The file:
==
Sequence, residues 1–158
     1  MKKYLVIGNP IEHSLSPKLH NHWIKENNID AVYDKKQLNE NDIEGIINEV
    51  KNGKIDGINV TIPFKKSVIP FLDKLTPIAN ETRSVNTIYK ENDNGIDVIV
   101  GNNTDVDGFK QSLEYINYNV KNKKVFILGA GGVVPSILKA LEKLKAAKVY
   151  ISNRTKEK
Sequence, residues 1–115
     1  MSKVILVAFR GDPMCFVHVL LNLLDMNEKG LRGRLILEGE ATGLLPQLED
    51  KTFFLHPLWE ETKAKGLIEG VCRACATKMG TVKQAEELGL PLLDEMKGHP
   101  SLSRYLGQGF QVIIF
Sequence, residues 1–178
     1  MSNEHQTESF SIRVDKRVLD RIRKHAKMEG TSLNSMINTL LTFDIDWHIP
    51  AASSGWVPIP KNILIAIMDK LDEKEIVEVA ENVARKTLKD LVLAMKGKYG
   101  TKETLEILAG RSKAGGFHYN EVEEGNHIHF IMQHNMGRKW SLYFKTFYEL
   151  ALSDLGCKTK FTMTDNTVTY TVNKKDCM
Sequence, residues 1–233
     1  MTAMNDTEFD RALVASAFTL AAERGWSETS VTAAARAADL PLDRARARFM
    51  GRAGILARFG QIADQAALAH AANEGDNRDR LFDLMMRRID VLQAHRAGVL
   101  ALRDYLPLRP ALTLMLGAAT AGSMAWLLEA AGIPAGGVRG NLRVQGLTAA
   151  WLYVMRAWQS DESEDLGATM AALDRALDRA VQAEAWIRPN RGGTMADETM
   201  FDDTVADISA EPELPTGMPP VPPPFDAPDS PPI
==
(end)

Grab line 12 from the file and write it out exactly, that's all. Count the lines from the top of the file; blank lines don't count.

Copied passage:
    51  AASSGWVPIP KNILIAIMDK LDEKEIVEVA ENVARKTLKD LVLAMKGKYG